Two long, tautly strung ropes which cross diagonally between four anchor points
In advance, assess your group’s physical abilities and spotting skills as required for this exercise.
Divide into teams of 3 people with one (traversing) participant and a minimum of 2 spotters taking turns.
Objective: Challenge each individual to traverse (from one end to the other) as far as possible using the two ropes for support.
A traversing participant must have at least two spotters, one on each side of the cable and positioned a half-step back from the side of the participant.
As in all traversing elements, spotters will move with the participant.
When a participant steps off or falls from the cable, invite them to have another attempt or swap with another person.
Allow as many attempts as possible within your allotted time frame.
Process your group’s experience at the conclusion of the task.
Inspect the area for unsafe ground cover and other obstructions.
Inspect and confirm the integrity of the two ropes and anchor points.
Plan an appropriate sequence of lead-up activities to prepare your group (physically, emotionally & mentally) for success.
Adjust the tightness of the ropes (using the prusik knot) to suit the abilities of your group.
Present the problem clearly, review spotting requirements and answer questions before the first individual makes their attempt.
Be an active spotter at all times.
Focus primarily on providing support for the participant’s head and upper torso.
Recognise that when a fall occurs, it usually happens quickly and often in the middle of the traverse.
When a falls occurs, the spotters agree to move in to support the participant and prevent them from landing on the ground.
If only two spotters (minimum,) they will move their position to keep pace with the traversing participant at all times.
Spotters will provide sufficient space between their spotting stance and the participant to allow room for movement of the participant and the ropes.
The traversing participant will only step onto the ropes after all safety and check-in protocols have been performed.
Practical Leadership Tips
The lower anchors for the ropes should be strung no higher than approx 450mm above the ground to make it easy to step up onto.
In case it’s not obvious, participants will start with their feet on the lower rope and hands on the upper rope. Naturally, as they traverse the activity, their connection to these two ropes switches which is why it’s so challenging.
While two spotters are required to keep this activity safe, owing to the inherent dynamic of the traverse, four spotters are preferred.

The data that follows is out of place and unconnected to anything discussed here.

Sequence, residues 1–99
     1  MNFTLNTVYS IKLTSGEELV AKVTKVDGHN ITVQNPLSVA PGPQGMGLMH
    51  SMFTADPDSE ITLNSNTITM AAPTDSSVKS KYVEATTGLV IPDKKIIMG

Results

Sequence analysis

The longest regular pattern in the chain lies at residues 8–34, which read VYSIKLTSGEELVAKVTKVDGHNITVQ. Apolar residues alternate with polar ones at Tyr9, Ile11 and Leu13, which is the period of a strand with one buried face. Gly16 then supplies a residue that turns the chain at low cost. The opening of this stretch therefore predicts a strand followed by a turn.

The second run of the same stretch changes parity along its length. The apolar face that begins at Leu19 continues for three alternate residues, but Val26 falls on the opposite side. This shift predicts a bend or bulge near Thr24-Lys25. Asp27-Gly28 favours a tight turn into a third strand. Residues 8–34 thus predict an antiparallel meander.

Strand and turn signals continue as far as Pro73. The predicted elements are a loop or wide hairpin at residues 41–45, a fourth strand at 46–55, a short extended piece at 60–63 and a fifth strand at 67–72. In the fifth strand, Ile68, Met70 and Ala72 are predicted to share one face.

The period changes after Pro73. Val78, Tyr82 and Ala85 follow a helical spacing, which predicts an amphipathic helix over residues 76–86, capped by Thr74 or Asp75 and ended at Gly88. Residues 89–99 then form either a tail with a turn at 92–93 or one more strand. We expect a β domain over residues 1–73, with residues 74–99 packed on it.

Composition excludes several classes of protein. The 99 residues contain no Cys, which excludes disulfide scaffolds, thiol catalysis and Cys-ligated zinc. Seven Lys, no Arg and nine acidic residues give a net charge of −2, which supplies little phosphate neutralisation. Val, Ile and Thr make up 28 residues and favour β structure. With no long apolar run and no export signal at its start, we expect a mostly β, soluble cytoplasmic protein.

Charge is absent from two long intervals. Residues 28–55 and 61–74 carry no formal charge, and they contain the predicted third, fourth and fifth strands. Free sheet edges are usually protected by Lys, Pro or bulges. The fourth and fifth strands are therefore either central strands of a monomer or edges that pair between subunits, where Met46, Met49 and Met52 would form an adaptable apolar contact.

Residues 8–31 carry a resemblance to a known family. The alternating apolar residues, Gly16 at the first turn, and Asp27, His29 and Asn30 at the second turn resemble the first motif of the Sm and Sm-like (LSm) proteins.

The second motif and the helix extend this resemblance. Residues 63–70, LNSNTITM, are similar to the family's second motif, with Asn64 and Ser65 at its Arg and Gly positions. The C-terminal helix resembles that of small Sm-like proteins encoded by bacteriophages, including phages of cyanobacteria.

Urge your group to resist the temptation to offer or seek physical support from the spotters. When a fall occurs, simply encourage participants to make another attempt.
As with many spotting exercises, this activity perfectly reflects the continuum of empowerment. Spotters often feel compelled to offer a hand or a shoulder to prevent a fall from occurring (disempowering the participant.) Equally, the hand or shoulder of a spotter is a very attractive option for the traversing participant when they are feeling unsure. Ideally, the participant should feel empowered to engage in an attempt that would not be possible without the safety net of their spotters. To this end, spotters should never stand too far back from the participant to be ineffective. It’s a fine balance and the more practice one makes, the better judgements are exercised.
This element can be integrated into a section of the Mohawk Walk, but owing to its typical difficulty, it is best designed as an individual challenge.
Paired Hourglass Challenge: Invite two people starting from opposite ends to traverse the activity at the same time. Ideally, challenge the pair to pass each other in the middle of the ropes. In this case, you will need twice as many spotters.
Up the Challenge: Adjust the prusik knot to slacken one or both ropes to increase the level of difficulty. The tighter the ropes, the easier the activity will be to complete.
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Useful Framing Ideas
Any activity that offers the participant support in one form or another will often be more successful. Such is the truth for this next exercise where you will find support for both your feet and hands, but not in the way you might think…
Do you know what the term ‘crux’ means in the context of a challenge? [ allow time for responses… ] Yes, that’s right, it means the most difficult part of the exercise. So, when you look at the Hourglass activity, where do you think the crux of the challenge is…?
Like sands through an hourglass, such are the days of our lives… was the famous line of one of the longest-running TV series called the Days of Our Lives. Sometimes, when watching the series, it would seem that time would stand still because things moved so slowly. But that won’t be your problem in this next exercise when events often happen very quickly, without notice…
Reflection Tips & Strategies
Coupled with one or more reflection strategies, here are some sample questions you could use to process your group’s experience after leading this fun challenge course activity:
Once you stepped up onto the ropes, did it seem that challenge would be easier than it was? Why?
What did you tell yourself as you traversed?
What point in the activity would you describe as the most challenging?
Did the presence of your spotters make a difference to your efforts?
As spotters, did you observe anything interesting?
What difference do you think your role as spotter makes to the participant?
The inspiration for the Hourglass is generally unknown but was popularised during the development of Project Adventure‘s adventure-based curriculum in the 1990s.